Development of the Drosophila tracheal system occurs by a series of morphologically distinct but genetically coupled branching events.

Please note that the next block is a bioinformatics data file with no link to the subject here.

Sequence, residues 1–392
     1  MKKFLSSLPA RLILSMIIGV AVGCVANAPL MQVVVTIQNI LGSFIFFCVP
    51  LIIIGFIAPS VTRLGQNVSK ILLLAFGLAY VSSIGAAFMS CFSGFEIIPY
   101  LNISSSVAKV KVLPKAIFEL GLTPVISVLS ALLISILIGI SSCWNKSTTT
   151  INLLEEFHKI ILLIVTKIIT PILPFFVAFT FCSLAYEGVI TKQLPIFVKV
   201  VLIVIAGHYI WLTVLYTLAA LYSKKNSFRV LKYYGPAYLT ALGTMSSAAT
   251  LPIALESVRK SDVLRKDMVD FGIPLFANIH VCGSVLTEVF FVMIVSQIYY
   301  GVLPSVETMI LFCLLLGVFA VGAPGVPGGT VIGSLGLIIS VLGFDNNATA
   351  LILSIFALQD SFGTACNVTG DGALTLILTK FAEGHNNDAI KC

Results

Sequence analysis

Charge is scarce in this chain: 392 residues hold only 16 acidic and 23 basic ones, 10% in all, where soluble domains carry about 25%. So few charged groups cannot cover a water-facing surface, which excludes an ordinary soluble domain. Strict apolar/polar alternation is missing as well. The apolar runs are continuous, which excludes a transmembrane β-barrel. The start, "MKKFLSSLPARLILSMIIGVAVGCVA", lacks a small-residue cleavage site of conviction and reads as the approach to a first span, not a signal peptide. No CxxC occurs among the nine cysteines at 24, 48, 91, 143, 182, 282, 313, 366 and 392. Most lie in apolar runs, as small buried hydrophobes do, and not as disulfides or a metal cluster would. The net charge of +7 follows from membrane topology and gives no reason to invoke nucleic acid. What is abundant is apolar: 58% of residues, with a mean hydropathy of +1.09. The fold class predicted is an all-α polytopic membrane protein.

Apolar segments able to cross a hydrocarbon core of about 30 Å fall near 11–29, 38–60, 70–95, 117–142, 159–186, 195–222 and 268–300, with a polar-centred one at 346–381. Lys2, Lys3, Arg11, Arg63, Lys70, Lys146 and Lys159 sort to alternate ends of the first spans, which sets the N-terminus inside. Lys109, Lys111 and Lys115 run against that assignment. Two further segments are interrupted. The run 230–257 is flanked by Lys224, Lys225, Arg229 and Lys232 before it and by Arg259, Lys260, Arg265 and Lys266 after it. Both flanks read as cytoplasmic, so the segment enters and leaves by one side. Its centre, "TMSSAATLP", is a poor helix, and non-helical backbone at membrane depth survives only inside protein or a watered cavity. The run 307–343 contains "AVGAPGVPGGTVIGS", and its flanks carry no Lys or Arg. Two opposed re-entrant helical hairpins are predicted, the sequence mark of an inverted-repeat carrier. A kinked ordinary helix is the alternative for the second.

The tracheal (respiratory) system of Drosophila melanogaster is a branched network of epithelial tubes that ramifies throughout the body and transports oxygen to the tissues. It forms by a series of sequential branching events in each hemisegment from T2 to A8. Here we present a cellular and initial genetic analysis of the branching process. We show that although branching is sequential it is not iterative. The three levels of branching that we distinguish involve different cellular mechanisms of tube formation. Primary branches are multicellular tubes that arise by cell migration and intercalation; secondary branches are unicellular tubes formed by individual tracheal cells; terminal branches are subcellular tubes formed within long cytoplasmic extensions. Each level of branching is accompanied by expression of a different set of enhancer trap markers. These sets of markers are sequentially activated in progressively restricted domains and ultimately individual tracheal cells that are actively forming new branches. A clonal analysis demonstrates that branching fates are not assigned to tracheal cells until after cell division ceases and branching begins. We further show that the breathless FGF receptor, a tracheal gene required for primary branching, is also required to activate expression of markers involved in secondary branching and that the pointed ETS-domain transcription factor is required for secondary branching and also to activate expression of terminal branch markers. The combined morphological, marker expression and genetic data support a model in which successive branching events are mechanistically and genetically distinct but coupled through the action of a tracheal gene regulatory hierarchy.
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